I think I knew something was wrong when my dentist asked me recently if he could give me some feedback on how I was interacting with him during our appointment. All positive (not surprising as I was paying!) but, once I had stopped laughing, I started wondering about all the ways in which I and others misuse and abuse the term, especially at work and how it affects us and others.
I’m not denying that feedback is a useful term in its place but, like Japanese knotweed, it has escaped from its confines and is threatening to strangle conversation at work. As with other words which have crept into our work vocabulary, it has its roots in science but has come a long way from its beginnings. Wikipedia tells us it was originally popularised in electronics research early in the 20th century. As time went by its meaning evolved. Those early scientific theorists defined it as circularity of action and from there, more practically, it came to be used to describe information on performance of elements in a system or process used to inform and improve results. The psychologist Kurt Lewin brought the term out of pure science, using it in his studies on group dynamics and behaviour in the 1930s and 40s but it was still very much a word belonging to research and academia
From there it is easy to see how it fits into the systems theory of organisations. It has a history as a term used in learning and, where objective feedback can be obtained, is helpful in improving the way we do things. Where it has crept in more widely and where it is much less helpful is when managers and HR people talk about ‘feedback’ when what they mean is ‘opinion’, ‘observation’ or ‘perception’.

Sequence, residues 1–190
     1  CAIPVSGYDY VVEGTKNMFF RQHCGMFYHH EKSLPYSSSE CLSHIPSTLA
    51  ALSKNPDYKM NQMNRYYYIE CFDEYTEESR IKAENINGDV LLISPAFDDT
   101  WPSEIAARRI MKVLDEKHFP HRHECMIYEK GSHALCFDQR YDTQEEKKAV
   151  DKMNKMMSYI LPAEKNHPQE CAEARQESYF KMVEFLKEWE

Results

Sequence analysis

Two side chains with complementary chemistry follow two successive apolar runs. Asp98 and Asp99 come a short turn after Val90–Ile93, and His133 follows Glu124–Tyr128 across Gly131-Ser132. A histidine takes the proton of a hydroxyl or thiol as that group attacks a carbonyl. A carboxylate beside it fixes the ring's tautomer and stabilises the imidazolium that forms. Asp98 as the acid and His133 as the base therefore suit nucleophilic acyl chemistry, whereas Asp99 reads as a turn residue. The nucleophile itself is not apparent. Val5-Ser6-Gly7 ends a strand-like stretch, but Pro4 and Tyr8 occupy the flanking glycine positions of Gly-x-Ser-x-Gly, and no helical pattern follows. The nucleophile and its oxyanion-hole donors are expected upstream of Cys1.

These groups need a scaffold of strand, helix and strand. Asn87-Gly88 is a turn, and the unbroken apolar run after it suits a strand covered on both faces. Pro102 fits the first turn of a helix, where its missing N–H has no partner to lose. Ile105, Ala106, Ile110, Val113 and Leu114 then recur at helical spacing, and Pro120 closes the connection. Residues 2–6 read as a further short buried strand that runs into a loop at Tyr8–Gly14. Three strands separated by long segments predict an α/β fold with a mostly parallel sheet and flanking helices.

Thinking about it, I can’t remember the last time someone asked me for my opinion or view on how they have been doing, rather than my feedback on their performance! We are constantly told that we should seek and give feedback at work more often, so much so that it seems there is scarcely time to get on with the work itself! Is this necessarily something to worry about though, when surely we all know what we mean, don’t we? Well, I think it is, especially when it comes to conversations about performance. Why? Well, primarily it de-humanises the way we talk to each other at work – the dreaded management-speak which becomes a substitute for normal conversation. Describing views as ‘feedback’ gives them the aura of objective data, perhaps because of the scientific pedigree of the term. There’s a big difference in saying to someone that most people have expressed this or that view about them compared with the pronouncement that ‘the evidence from the feedback we have collated shows that …’ It is pseudo-scientific language which distances the giver from the information while making it much harder for the receiver to question or express a contrary view; maybe that’s why managers like it so much!
Now like all good HR people, I have lost count of the number of times I have said and written that feedback says as much about the giver as the receiver and helped people to give and receive feedback constructively. The fact that we are still saying it makes me wonder if we wouldn’t do better to change the language and reserve the term feedback for times when we are truly sharing data and not opinion. So next time someone asks me for my feedback, I’m going to say that I can’t do that but I’m happy to give them my view. What do you think?